Wednesday, April 15, 2009

Grand Rounds Vol. 5 No. 30 is up


This week's edition of Grand Rounds is hosted by Flavio over at Pharmamotion.

I hope to read a few of these when I come up for air in between feverish bouts of lecture preparation.

Tuesday, April 14, 2009

A Lean Month for Blogging

Until I meet a few deadlines, this will be a lean month for personal blogging.

I'm hitting the road for the ARRS meeting next week, followed by a few days of visiting professorships around the country. This means putting 7 new lectures together over the next 2 weeks.

Good thing I enjoy show biz...

CT Colonography -Train at Home

The day is young, but the leading contender for Spam-of-the-Day is already in my e-mail inbox: CT colonography training at home.

I guess I'll file this tidbit under activities for consenting adults.

Crikey, I'd rather have my spleen removed through my nose...

Tuesday, April 7, 2009

Grand Rounds Vol 5. No. 29 is up


The latest issue of Grand Rounds is hosted this week by Leslie, at Getting Closer to Myself.

This week's theme is "reflections on the way life used to be".

Along these lines, I used to carry a stethoscope, but gave it up long ago for the rock star lifestyle of an academic radiologist. My Grand Rounds contribution, Just Say No to Stethoscopes, has more to say on why this is a Good Thing.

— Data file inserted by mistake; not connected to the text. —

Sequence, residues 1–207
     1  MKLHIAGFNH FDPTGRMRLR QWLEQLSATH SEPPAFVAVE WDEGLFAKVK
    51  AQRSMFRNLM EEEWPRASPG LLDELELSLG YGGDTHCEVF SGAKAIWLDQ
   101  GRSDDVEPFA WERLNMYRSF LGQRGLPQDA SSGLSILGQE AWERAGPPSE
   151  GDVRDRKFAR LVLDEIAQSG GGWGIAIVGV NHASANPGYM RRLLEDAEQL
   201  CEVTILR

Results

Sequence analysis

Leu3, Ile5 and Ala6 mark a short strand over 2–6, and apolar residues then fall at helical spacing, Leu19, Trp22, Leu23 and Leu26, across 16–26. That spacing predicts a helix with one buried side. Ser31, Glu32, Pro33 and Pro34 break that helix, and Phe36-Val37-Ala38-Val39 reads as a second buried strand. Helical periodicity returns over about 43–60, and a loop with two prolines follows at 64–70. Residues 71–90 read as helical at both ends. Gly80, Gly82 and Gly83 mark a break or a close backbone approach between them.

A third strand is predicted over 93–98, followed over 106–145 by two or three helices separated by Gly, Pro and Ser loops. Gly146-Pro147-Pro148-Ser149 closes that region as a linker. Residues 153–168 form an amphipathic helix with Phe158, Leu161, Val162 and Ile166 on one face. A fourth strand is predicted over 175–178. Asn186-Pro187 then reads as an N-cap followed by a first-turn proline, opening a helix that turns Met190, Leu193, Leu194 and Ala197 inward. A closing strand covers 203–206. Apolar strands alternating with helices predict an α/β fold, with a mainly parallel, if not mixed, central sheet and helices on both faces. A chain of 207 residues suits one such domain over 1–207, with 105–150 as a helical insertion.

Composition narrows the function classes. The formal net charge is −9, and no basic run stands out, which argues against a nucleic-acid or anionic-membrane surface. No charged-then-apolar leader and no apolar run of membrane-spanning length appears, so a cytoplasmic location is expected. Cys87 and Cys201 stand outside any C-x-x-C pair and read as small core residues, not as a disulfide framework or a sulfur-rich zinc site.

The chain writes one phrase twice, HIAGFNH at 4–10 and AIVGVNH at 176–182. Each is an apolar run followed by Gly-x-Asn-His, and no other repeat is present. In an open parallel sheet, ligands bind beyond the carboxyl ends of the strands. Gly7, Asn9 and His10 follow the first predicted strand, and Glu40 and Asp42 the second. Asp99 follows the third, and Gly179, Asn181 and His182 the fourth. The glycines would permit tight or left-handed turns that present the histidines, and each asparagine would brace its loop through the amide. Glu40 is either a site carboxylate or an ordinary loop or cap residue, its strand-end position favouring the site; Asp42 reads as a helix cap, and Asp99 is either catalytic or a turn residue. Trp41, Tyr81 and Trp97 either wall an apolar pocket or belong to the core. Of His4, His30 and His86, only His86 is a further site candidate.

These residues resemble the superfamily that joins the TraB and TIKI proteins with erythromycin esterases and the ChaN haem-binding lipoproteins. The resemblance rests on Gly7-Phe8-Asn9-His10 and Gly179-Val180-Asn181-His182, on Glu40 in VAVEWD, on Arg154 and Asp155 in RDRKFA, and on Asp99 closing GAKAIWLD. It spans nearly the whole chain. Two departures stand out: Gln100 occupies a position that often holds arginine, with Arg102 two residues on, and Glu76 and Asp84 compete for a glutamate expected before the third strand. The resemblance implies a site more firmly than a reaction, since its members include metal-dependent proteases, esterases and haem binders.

Friday, April 3, 2009

Just Say No to Stethoscopes


Rats of the Middle Ages, move over -- there's a new disease vector in town: health-care workers, and they're packing methicillin-resistant Staphylococcus aureus (MRSA) in their stethoscopes.

This story crawled out into the TV news recently, in reaction to a recent paper in Prehospital Emergency Care.

In a study of emergency medical services providers, 50 stethoscopes were cultured, and 16 (32%) grew MRSA. Oddly enough, 32% of the same providers had no clue when they had last cleaned their stethoscopes. Coincidence, or satanic confluence?

This isn't a new idea. My cursory search of PubMed turned up a number of other articles on the same topic, including a 1995 study showing that 89% of the stethoscopes carried by ER workers were contaminated with staphylococcus. What's new is that this ubiquitous staph is lately more and more likely to be the more dangerous MRSA variety.

However, if you are going to catch a disease because you were auscultated, touched or sneezed on by a physician, chances are really, really good that it won't be from a radiologist. I'm proud to say that my specialty is leading the fight against this scourge. While the internists are obsessively scrubbing their stethoscopes between patients, we have an far more effective plan: we don't even know where our stethoscopes are.

We invite other physicians to join our crusade -- "Just Say No!" -- to stethoscopes.